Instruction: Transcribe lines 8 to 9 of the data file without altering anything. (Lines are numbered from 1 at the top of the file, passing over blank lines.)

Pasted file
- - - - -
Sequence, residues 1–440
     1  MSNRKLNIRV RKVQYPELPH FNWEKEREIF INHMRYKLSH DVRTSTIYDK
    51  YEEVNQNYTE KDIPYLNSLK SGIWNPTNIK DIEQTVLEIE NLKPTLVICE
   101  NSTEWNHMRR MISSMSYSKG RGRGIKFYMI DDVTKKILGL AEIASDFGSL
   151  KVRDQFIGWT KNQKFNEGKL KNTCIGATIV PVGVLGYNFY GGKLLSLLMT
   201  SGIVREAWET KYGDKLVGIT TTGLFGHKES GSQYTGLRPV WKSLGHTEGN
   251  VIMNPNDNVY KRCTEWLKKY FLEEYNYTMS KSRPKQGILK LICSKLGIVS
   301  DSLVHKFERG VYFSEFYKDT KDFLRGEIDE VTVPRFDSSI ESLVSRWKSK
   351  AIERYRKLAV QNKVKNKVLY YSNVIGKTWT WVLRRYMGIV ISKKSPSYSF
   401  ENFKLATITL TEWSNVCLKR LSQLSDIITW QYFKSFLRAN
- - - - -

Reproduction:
   301  DSLVHKFERG VYFSEFYKDT KDFLRGEIDE VTVPRFDSSI ESLVSRWKSK
   351  AIERYRKLAV QNKVKNKVLY YSNVIGKTWT WVLRRYMGIV ISKKSPSYSF